NATIONAL

'U.S. helping Third World in fight against global warming'

CHENNAI Oct. 3. The United States, which has withdrawn from the Kyoto Protocol on Green House Gas (GHG) emissions, is actually helping developing countries achieve the ecological objectives of the protocol in a manner that is more realistic, effective and workable than the protocol provisions.

This is the message that Harlan L.Watson, Senior Climate Negotiator and Special Representative of the U.S. Department of State, sought to convey today, at different meetings organised by the Federation of Indian Chambers of Commerce and Industry (FICCI) and the Confederation of Indian Industry-Southern Region (CII-SR).

Emphasising the approach of the Bush administration which says that economic growth is an imperative for accelerating — and paying for — the development of new eco-friendly technologies, Dr. Watson said that the U.S. President's budget for 2003 included over $220 millions for the U.S. Agency for International Development (USAID) and the Global Environment Facility (GEF) to help developing countries improve measurement and reduction of GHG emissions and invest in clean and renewable energy technologies. This, he said, was in addition to the $500 millions that the U.S. had pledged over the next four years for the GEF, a 16 per cent increase over the contribution to the previous replenishment.

The budget also provided funds to fulfil the President's June 11, 2001, commitment to developing countries to provide $25 millions for climate observation systems that would help scientists improve their understanding of the dynamics of climate change. The U.S. had also started a programme of extending debt relief to select countries against specific commitments towards conservation of tropical forests, besides stepping up bilateral cooperation with countries, including India, in the matter of climate science and technology. Responding to repeated queries on whether the U.S., having opted out of the Clean Development Mechanism (CDM), the main instrument of the Kyoto Protocol, was now trying to "compete with" the CDM by stepping up ecological assistance to developing countries, Dr. Watson said the U.N. Framework Convention on Climate Change (of which the U.S. remains a leading member) did not prevent its cooperating with projects of member-countries of the protocol. He was, however, not sure whether the CDM and the carbon trading mechanism under the Protocol were as clear-cut, fast-track and effective as many claimed, and pointed out that the "CDM rules have yet to be framed".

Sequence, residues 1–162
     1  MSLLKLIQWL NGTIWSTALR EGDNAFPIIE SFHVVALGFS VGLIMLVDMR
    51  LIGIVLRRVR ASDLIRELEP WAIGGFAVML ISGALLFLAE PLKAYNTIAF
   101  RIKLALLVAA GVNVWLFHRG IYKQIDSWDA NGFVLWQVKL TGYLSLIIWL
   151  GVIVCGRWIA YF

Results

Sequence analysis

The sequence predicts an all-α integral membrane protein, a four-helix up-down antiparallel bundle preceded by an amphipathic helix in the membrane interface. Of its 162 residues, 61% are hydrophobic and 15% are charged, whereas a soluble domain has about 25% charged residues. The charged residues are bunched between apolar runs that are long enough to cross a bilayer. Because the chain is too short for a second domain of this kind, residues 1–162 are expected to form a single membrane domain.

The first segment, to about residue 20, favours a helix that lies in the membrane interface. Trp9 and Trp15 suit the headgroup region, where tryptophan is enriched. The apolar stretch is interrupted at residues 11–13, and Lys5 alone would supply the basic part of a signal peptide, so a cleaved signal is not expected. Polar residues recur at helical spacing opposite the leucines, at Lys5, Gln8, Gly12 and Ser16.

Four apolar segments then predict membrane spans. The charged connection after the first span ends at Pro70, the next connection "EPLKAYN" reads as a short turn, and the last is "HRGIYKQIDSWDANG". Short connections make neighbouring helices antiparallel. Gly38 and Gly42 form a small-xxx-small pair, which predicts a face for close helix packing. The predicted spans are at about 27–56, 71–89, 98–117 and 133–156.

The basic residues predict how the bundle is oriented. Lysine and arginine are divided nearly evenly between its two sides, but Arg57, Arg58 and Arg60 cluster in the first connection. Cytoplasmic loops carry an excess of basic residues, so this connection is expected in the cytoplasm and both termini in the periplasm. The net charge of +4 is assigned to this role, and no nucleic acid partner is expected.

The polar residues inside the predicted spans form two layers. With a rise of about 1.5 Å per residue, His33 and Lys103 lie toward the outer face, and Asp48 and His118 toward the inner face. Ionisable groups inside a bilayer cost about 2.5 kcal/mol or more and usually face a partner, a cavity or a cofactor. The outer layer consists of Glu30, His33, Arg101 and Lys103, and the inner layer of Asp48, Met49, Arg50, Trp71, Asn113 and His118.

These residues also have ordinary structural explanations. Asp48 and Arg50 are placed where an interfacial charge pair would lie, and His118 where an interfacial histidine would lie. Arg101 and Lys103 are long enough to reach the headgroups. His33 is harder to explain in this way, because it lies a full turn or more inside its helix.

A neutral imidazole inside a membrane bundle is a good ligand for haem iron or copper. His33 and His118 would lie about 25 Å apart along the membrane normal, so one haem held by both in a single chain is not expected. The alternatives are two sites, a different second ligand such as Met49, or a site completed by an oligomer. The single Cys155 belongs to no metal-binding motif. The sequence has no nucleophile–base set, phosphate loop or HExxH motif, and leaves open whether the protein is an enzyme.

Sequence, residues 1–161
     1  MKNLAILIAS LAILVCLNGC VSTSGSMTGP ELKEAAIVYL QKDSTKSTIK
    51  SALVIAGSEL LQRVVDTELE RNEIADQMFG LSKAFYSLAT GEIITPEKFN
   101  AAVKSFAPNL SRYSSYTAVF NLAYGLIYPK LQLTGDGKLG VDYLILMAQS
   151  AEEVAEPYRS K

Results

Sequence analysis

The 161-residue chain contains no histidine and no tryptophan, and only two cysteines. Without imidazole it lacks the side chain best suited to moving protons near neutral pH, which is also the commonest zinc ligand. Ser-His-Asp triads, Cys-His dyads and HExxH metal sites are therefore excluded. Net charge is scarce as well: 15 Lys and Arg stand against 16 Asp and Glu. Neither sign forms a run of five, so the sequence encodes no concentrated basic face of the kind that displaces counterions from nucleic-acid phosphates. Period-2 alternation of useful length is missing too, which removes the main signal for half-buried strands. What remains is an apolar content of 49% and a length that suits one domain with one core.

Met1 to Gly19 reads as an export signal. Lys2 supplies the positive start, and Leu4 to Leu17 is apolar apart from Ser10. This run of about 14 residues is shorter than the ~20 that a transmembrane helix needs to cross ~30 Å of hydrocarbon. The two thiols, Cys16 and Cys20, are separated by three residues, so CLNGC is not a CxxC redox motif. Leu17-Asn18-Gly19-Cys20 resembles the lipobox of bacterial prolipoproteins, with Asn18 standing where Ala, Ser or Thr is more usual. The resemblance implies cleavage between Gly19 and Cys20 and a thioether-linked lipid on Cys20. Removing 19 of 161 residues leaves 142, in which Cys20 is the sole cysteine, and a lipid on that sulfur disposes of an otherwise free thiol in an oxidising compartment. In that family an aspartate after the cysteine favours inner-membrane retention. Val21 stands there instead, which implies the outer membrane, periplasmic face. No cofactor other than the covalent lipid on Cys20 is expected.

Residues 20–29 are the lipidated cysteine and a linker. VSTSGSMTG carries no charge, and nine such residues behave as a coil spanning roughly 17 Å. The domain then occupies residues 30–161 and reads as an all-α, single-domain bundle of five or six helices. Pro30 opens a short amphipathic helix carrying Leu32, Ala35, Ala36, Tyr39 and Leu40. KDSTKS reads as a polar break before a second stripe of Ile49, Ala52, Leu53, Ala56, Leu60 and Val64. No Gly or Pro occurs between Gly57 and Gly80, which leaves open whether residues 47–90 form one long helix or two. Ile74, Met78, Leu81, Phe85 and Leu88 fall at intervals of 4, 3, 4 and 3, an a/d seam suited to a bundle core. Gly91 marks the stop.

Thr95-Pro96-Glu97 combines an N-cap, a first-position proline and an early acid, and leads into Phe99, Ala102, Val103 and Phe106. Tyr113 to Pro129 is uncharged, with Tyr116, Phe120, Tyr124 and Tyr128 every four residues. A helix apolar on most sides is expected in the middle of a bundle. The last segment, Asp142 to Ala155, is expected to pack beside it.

Robert K.Dixon, Deputy Assistant Secretary of the U.S. Department of Energy in the Office of Energy Efficiency and Renewable Energy, said the U.S. and India were similarly placed in respect of a substantial reliance on coal for power production and in the pattern of energy consumption. Hence, bilateral cooperation in energy efficiency under the National Climate Change Technology Initiative (NCCTI) announced by the U.S. President would be mutually beneficial. The Indo-U.S. Science and Technology Forum, at its meeting in June this year, had decided on cooperation in fuel cell technologies in the context of the draft National Vision on Transition to a Hydrogen Economy by the year 2030.

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